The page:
Thai authorities are looking for a suspect in the southern car bombing

HAT YAI, Thailand (AP) — Police said Wednesday they were trying to identify the suspect in a bombing at a police house that killed one policeman and wounded 45 others in a region of southern Thailand that has been wracked by a Muslim separatist insurgency for nearly two decades.

Police said the suspect drove a black pickup truck into the complex and then exited after parking the vehicle. In the images captured by a surveillance camera, he was dressed to look like a plainclothes police officer. The injured victims were mostly civilians, including three children.

Since the insurgency began in 2004, more than 7,300 people have been killed in Narathiwat, Pattani and Yala, the only Muslim-majority provinces in Buddhist Thailand. Attacks also occurred in neighboring Songkhla province. Several separate rebel groups are active, some of which are engaged in ongoing, renewed peace talks with the government.

Muslim residents, almost all ethnic Malays, have long charged that they are treated as second-class citizens in Thailand, and separatist movements have been active periodically for decades. Harsh crackdowns have fueled discontent.

In August, a wave of arson and bombings hit the three southernmost provinces, mostly targeting convenience stores and gas stations. No one has claimed responsibility for the attacks, which injured three people.

Tuesday’s attack on police residences was the second this year to use a car bomb, following an attack in Patani in June that injured a police officer. However, there have been about 60 car bombings since 2005, according to police.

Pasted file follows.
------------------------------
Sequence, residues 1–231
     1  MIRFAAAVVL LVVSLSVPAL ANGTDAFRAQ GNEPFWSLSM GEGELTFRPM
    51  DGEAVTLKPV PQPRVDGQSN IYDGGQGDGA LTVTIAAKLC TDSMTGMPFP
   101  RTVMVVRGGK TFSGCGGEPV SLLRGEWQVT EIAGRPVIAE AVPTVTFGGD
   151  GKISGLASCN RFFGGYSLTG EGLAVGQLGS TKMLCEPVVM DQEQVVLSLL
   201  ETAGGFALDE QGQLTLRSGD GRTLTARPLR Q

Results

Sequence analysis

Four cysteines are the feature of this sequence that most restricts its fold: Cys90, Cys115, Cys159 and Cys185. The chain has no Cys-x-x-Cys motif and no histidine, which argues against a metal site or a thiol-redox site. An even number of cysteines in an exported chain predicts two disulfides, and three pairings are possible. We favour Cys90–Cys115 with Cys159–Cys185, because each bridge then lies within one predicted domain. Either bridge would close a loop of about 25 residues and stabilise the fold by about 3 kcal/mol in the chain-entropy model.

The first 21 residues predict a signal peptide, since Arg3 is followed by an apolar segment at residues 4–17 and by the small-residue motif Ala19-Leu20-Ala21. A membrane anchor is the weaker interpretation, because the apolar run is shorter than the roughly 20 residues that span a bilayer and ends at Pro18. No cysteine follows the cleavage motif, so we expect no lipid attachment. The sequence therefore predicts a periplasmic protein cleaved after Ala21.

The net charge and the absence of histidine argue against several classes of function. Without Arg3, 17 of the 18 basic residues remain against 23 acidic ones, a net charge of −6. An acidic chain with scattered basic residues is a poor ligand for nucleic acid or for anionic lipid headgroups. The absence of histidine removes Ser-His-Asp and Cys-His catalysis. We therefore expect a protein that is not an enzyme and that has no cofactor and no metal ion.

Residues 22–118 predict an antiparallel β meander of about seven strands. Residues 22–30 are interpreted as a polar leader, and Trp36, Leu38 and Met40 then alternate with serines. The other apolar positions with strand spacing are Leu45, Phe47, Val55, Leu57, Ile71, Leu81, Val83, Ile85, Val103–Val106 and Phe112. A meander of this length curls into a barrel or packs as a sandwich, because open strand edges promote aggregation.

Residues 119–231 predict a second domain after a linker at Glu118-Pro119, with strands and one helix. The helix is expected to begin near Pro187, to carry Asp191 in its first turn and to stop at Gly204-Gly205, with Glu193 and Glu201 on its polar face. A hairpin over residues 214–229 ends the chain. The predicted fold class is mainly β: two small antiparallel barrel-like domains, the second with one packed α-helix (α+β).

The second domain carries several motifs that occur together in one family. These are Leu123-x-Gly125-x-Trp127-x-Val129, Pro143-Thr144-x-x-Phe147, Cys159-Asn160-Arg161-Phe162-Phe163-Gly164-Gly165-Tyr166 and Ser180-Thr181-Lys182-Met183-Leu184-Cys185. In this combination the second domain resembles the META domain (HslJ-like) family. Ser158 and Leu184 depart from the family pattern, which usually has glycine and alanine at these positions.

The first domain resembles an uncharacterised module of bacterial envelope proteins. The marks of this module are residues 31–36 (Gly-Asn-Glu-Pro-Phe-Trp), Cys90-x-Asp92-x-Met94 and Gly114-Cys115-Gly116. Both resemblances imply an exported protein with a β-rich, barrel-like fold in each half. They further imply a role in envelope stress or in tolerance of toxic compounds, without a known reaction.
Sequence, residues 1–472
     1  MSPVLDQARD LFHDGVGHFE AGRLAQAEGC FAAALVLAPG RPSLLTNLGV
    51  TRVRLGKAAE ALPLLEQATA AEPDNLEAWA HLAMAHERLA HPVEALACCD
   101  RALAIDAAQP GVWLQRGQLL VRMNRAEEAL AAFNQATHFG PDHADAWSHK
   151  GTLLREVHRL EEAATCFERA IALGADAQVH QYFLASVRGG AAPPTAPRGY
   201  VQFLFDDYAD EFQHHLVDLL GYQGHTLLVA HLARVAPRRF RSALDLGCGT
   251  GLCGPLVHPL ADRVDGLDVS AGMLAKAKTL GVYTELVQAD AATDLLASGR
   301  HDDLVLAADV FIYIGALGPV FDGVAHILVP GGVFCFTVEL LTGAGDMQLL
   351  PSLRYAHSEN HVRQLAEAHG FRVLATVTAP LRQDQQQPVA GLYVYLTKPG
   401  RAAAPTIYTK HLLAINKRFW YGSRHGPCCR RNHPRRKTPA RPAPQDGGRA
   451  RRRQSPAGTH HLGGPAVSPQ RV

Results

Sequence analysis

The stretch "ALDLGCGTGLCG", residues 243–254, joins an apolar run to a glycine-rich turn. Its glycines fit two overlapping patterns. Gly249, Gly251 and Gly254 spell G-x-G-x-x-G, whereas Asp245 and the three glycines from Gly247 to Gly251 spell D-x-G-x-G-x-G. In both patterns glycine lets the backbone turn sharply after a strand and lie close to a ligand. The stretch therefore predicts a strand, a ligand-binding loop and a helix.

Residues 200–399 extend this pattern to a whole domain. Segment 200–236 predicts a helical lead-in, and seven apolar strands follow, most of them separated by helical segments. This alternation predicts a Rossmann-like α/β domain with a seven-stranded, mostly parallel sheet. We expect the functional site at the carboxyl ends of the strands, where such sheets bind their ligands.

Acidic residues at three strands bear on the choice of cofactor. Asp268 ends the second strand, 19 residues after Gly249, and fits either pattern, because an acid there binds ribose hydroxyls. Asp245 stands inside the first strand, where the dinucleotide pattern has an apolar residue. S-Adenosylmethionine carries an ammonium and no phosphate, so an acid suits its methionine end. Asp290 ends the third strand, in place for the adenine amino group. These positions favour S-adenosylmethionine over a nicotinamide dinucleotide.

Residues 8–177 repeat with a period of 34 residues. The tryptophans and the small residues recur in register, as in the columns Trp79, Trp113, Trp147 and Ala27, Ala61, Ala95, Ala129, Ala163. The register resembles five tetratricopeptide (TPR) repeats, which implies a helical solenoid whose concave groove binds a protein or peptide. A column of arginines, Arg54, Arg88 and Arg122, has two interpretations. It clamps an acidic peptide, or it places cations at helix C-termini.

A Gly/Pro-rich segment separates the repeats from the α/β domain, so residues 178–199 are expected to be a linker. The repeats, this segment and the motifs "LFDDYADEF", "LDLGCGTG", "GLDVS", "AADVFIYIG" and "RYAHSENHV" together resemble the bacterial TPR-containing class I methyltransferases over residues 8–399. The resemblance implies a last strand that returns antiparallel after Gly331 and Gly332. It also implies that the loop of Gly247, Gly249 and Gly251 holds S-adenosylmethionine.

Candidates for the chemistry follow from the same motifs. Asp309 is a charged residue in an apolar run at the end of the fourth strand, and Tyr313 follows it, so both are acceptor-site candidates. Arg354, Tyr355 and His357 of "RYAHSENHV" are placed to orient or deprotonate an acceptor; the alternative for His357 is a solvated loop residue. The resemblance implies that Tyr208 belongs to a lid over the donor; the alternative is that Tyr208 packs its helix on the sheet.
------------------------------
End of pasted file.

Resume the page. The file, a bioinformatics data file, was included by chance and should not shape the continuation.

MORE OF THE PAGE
National Police Chief General Damrongsak Kitiprapas said forensic experts believe the explosive device was made from a 50-kilogram (110-pound) gas cylinder.

The bombing was condemned by Human Rights Watch, which said it “appeared to be aimed at causing the greatest possible civilian loss,” Elaine Pearson, Asia director at Human Rights Watch, said in an emailed statement.

“Those responsible for planning, ordering or carrying out such attacks should be brought to justice, Human Rights Watch said, adding that it has repeatedly condemned both the Thai government and rebel forces for their abuses during during their match.

“Thai authorities should thoroughly and impartially investigate the apartment complex bombing and hold all those responsible accountable,” Pearson said. “At the same time, the Thai government should recognize that as long as Thai security forces can commit impunity against ethnic Malay Muslims, armed separatist groups will take advantage of this to justify unlawful attacks.”

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